West Side Story (M) - 156 minutes
A masterful adaptation of the 1957 quintessential musical, Steven Spielberg has crafted a searing drama from teen discontent.
While remaining faithful to its origins, importantly West Side Story has cast only culturally appropriate actors in the roles of the Puerto Ricans.
Inspired by Shakespeare’s Romeo and Juliet, the story is set in the mid 1950s in a rundown neighbourhood in the upper west side of Manhattan.
It is the turf occupied by two teenage gangs – the Caucasian Jets and the Puerto Rican Sharks – that can’t stand each other.
Both are full of bravado and don’t respect the authority of the police.
They regularly beat up on one another.
One of the co-founders of the Jets, Tony (Ansel Elgort), spent a year in jail for the punishment he dished out to another rival gang member, but he used his time inside to reflect on what he did.
By his own admission, he came close to killing his adversary and that now troubles him.
Problem is, Tony’s hot-headed Jets’ co-founder Riff (Mark Faist) hasn’t learnt any such lesson and organises a winner takes all clandestine turf showdown with the Sharks.
The stakes are ratcheted up considerably by two factors.
The first is that Riff gets his hands on a gun, which can only spell trouble.
The second involves a chance meeting between Tony and the Sharks’ leader Bernardo’s (David Alvarez) sister Maria (Rachel Zegler) at a mixed dance, where they fall hard for one another.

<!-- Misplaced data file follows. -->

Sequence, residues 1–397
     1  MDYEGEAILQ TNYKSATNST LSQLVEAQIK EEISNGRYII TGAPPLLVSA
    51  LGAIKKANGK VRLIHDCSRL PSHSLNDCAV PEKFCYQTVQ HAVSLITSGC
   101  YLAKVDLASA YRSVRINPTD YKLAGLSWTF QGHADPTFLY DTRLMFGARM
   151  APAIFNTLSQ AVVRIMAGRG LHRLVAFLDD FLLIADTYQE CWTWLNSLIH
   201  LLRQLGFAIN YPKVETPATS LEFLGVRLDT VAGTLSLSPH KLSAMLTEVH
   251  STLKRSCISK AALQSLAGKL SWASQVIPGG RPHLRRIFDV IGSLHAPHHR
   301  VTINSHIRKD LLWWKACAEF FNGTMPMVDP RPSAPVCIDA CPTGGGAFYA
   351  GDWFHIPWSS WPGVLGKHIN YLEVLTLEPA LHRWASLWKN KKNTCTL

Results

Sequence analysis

Bernardo, who is in a long-term live-in relationship with Anita (Ariana DaBose), shares an apartment with her and Maria.
He demands that Maria only date her “own kind” and is incensed when he spots her with Tony at the dance.
Even though Tony implores Riff to call off the rumble, he has no intention of doing so.
Meanwhile, Bernardo – a boxer – is itching to confront Tony, while Maria is desperate for Tony to avoid the clash.
Everything about Spielberg’s representation of West Side Story oozes class and polish.
He has lost none of the theatricality, but added dramatic layers with his execution.
The choreographed song and dance numbers are a delight to watch and help propel the story.
The sets, settings and props flesh out the narrative arc.
Musically, several of the numbers stand out, including Somewhere, Tonight, Maria, America, I Feel Pretty and Gee, Officer Krupke.
With a pure singing voice and expressive acting performance, Rachel Zegler shines as Maria.
I also appreciated Ariana DaBose’s portrayal of hardworking Anita, looking to better her station in life.
There are many Spanish exchanges without subtitles in the film, adding to its authenticity.
Those who don’t speak the language may not understand exactly what is being said in these instances, but the general meaning is never in doubt.
Spielberg has done himself proud in his remake of one of the best musicals of all time.
Rated M, West Side Story scores an 8½ out of 10.